Geologists have surmised that as one plate dives under another it could create diamond forming conditions. If the subducting plate is thick enough, according to the scientists, it would remain much cooler than the surrounding mantle it is plummeting into. This could create a situation that mimics the diamond forming conditions of cratons.

It is suggested that under optimal conditions this subducting slab carrying a carbon-rich payload could continually create diamonds that would be carried deeper and ultimately be destroyed by the diving plate. But, at the end of subduction, according to the model, an opportunity arises for the glittery stones to be transported to the surface in a fashion similar to classic diamond forming eruptions.

The deep crustal structure model, another postulate with principles similar to the subduction zone model, may better fit the conditions surrounding the Crooked Creek diamonds and other reported discoveries in Alaska, Yukon Territory and British Columbia. This theory deduces that massive structures such as large-scale fault systems could create the diamond stability field.

The confirmed diamond finds on Crooked Creek and most of the unverified diamond discoveries in neighboring Yukon Territory are found along the Kaltag-Tintina Fault, and several other rumored finds have been made along the Farewell-Denali Fault. These are the major intra-continental strike-slip faults that form the boundaries of the Tintina Gold Belt.

“You have to have a deep crustal feature that could tap deep into the earth,” Alaska Department of Natural Resources Division of Geological & Geophysical Surveys Senior Minerals Geologist Dave Szumigala said, “The best postulation now for what is working for the diamonds found in Central is that you have the Tintina Fault, and that is a deep regional structure, and maybe that has provided a conduit for tapping things below the crustal level.”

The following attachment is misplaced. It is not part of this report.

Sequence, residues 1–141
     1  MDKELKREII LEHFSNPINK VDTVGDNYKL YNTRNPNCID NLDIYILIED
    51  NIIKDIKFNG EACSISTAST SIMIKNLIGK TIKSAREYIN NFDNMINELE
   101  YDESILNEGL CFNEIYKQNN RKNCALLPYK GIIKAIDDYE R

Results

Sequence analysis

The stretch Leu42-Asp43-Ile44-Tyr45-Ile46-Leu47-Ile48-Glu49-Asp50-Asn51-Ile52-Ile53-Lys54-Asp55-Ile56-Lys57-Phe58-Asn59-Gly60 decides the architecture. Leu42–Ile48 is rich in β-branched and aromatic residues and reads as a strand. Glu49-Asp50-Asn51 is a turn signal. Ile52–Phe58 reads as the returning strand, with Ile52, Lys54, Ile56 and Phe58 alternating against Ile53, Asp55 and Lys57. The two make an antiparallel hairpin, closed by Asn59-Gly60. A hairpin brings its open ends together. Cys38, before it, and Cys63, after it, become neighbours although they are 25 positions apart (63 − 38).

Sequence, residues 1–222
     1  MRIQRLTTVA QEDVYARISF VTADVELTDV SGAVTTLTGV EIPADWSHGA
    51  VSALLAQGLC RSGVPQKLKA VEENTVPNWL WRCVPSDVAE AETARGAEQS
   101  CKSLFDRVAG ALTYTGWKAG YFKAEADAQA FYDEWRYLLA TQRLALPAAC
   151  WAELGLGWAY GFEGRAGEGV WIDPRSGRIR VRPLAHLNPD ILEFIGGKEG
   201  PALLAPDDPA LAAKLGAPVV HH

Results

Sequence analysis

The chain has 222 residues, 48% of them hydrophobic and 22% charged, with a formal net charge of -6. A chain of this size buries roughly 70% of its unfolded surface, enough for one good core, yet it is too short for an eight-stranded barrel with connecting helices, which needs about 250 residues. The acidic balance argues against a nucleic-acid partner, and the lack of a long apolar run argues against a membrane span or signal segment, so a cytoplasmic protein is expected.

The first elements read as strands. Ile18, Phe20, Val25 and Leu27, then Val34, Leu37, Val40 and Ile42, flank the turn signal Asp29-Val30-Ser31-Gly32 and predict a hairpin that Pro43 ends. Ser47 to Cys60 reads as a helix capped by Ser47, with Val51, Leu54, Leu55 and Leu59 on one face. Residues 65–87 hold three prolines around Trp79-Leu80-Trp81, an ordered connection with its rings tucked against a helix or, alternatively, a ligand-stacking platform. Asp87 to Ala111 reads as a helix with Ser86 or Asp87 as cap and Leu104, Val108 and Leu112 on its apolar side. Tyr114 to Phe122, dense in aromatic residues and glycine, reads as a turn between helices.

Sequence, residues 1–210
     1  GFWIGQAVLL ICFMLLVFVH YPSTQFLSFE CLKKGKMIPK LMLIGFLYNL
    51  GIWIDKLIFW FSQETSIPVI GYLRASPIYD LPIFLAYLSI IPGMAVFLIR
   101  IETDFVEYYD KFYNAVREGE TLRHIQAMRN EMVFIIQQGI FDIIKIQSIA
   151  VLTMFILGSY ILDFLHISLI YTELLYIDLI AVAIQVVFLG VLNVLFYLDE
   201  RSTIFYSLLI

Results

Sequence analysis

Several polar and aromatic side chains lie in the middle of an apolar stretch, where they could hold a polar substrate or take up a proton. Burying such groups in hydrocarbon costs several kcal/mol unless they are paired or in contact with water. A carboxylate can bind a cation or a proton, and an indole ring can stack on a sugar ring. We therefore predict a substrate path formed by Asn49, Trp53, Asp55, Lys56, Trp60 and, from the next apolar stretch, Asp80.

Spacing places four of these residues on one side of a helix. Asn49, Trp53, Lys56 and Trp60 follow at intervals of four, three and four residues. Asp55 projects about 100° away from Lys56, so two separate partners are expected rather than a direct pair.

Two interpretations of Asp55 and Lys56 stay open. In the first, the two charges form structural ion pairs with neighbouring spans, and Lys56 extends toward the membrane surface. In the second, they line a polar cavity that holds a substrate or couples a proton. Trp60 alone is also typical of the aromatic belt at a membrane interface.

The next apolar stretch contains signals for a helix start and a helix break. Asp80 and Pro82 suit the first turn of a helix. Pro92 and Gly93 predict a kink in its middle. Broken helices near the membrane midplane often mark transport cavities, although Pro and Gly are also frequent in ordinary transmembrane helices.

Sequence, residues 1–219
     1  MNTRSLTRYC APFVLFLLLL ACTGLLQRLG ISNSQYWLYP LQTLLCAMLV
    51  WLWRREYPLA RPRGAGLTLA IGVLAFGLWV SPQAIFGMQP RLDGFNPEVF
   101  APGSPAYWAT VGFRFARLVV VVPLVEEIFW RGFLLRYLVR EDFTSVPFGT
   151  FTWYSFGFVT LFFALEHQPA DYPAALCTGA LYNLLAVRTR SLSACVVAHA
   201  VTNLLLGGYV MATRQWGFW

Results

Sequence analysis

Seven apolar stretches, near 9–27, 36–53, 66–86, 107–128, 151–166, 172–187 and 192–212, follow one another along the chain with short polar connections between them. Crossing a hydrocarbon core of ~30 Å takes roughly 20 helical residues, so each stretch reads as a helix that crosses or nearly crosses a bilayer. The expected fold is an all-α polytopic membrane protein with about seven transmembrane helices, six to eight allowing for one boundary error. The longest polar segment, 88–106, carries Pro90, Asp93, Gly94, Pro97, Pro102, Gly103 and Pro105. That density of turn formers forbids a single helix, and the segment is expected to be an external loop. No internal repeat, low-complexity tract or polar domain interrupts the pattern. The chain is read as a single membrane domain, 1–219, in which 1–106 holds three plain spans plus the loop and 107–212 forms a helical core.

Daunting feat

Although these geological models provide explorers with new ideas of what to look for when seeking diamonds in Alaska, the search for the source of these gems may still be a daunting feat.

Classic diamond-bearing kimberlite or lamporite pipes are very small, typically ranging from 100 meters to 1,000 meters across. This small surface size coupled with the lack of glaciations and large permafrost-bound low lying areas of Interior Alaska compromise the effectiveness of airborne geophysical and remote-sensing prospecting techniques in this region.

Movement along the Tintina Fault — which passes within about a mile, or 1.6 kilometers, of the Crooked Creek diamond discoveries — adds to the complexity of finding the source of these placer diamonds. Evidence shows that the region south of this strike-slip fault has traveled some 300 miles, or 490 kilometers, to the west — greatly extending the prospective area.

Old fashioned geological investigating coupled with a mind open to new ideas may be what it takes to solve the riddle and discover the source of Alaska’s placer diamonds.